Friday, 3 October 2014

Review of Céleste Boursier-Mougenot: persistances at Aubette 1928, Strasbourg

Céleste Boursier-Mougenot: persistances
Aubette 1928, Strasbourg, France
6 September – 22 November 2014

The original Aubette was built on Strasbourg’s Place Kléber by architect Jacques-François Blondel  between 1765–72. At the end of the 18th century the changing of the guard used to take place in front of the building at dawn each day. Between 1926 and 1928, Aubette was redecorated by Sophie Taeuber-Arp, Jean Arp and the De Stijl artist Theo van Doesburg – the latter of whom envisaged the complex as a Gesamtkunstwerk – earning it the epithet of  “the Sistine Chapel of abstract art”. Covered over and partly destroyed after just 10 years, the avant-garde decor was only restored – and, at that, only in part on the first floor – in the 1990s and 2000s, following classification as a historic monument in the 80s. This first floor trio of foyer bar, function room and cine-dancing space now form an impressive contemporary art gallery.

Wednesday, 1 October 2014

Interview with Deb Covell

Deb Covell: interview

Deb Covell (b1966) is a painter who seeks to celebrate the material qualities of paint. Rejecting pictorial imagery, she also eschews the traditional canvas support, producing paintings that hang from walls like drapes or lie folded and crumpled on the floor. There is a sculptural element to her works, but, she explains, it is far more about form, materiality and the versatility of paint.

Covell has just completed a very full on month-long residency, open studio and exhibition at Middlesbrough Institute of Modern Art but there is no time for a rest, as she is soon to be exhibiting in a group show in New York City. Luckily she managed to find time to answer Studio International’s questions.

Interview with Michael Landy

Interview with Michael Landy

Michael Landy (born 1963, London) studied at Goldsmiths and is one of the so-called YBA (Young British Artists) generation, who took part in the first great artist-led warehouse exhibition, Freeze, alongside Damien Hirst, in 1988. He really made his name, however, in February 2001, when he systematically catalogued and destroyed all 7,227 of his personal belongings during a two-week long “performance” in a disused department store on Oxford Street, called Break Down. More recently, Acts of Kindness on the London Underground documented, as its titles suggests, kindly interactions between commuters and users of the transport system. Nowadays, Landy is, as he puts it, albeit very tongue in cheek, “all grown up”, having been elected not only as a Royal Academician, but also made Professor of Drawing at the Academy Schools. “Actually,” he laughs, “I’m just trying to find a way I can get thrown out of there, really. That’s what I’m thinking about at the moment.”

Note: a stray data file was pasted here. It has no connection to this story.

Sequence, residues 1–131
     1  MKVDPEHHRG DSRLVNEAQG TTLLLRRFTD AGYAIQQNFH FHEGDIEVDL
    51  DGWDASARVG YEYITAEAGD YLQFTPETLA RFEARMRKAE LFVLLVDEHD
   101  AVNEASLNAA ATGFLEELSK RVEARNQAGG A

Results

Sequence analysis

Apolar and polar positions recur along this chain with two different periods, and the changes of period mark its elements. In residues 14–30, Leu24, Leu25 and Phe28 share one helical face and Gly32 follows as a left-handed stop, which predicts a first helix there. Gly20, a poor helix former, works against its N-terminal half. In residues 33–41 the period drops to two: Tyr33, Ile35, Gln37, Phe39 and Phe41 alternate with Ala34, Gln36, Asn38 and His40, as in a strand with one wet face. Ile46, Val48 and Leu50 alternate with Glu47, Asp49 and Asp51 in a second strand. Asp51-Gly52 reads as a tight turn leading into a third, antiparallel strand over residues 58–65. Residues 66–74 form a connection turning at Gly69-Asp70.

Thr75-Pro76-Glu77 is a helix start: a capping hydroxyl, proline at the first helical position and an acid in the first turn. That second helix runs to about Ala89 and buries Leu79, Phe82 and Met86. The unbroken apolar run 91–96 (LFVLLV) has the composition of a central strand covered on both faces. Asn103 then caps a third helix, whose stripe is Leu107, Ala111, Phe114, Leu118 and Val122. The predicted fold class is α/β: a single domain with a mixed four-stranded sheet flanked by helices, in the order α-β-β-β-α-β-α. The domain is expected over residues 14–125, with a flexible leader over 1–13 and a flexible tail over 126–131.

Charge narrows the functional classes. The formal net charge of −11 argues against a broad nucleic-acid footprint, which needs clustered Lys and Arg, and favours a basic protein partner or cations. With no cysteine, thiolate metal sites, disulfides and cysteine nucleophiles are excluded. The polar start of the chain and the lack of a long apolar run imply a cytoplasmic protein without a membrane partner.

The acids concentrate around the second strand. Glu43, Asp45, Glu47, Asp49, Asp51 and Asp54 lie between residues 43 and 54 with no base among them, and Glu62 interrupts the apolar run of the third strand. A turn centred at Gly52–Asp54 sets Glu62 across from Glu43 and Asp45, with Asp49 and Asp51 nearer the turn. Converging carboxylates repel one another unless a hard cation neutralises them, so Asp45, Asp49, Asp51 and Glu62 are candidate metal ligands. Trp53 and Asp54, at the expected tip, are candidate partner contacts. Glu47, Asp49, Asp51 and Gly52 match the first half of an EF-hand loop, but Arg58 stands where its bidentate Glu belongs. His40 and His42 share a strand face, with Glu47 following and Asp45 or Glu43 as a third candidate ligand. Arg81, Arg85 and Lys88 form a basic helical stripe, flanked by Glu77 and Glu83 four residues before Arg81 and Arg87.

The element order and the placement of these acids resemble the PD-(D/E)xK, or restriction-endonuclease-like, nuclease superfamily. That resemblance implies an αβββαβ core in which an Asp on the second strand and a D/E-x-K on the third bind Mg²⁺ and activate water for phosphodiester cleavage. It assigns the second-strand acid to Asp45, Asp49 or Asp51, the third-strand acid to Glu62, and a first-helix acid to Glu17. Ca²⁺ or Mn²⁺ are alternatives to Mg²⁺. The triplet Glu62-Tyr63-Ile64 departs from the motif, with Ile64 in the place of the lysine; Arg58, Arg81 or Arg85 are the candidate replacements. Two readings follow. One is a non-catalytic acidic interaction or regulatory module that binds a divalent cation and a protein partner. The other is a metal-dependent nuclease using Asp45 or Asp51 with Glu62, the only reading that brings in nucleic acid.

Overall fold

In October 2013, Landy moved in to a new studio on Calvin Street, in trendy Shoreditch. Just around the corner from Spitalfields fruit and vegetable market, the building is one of a whole line that used to be used as warehouse storage space. “You could actually walk between all of the buildings,” Landy explains, “but, at some point, someone decided to turn them into homes.” When he and his partner, fellow artist Gillian Wearing, bought the space at number 27, they had it gutted and built on a new top floor in which they now live. Landy describes it as a “live-work space”, although the studio remains very much just that, and is separate from their private quarters.

To read the rest of this interview, please buy issue 11 (September 2014) of Art.Zip or see the online version, pp55-62, here: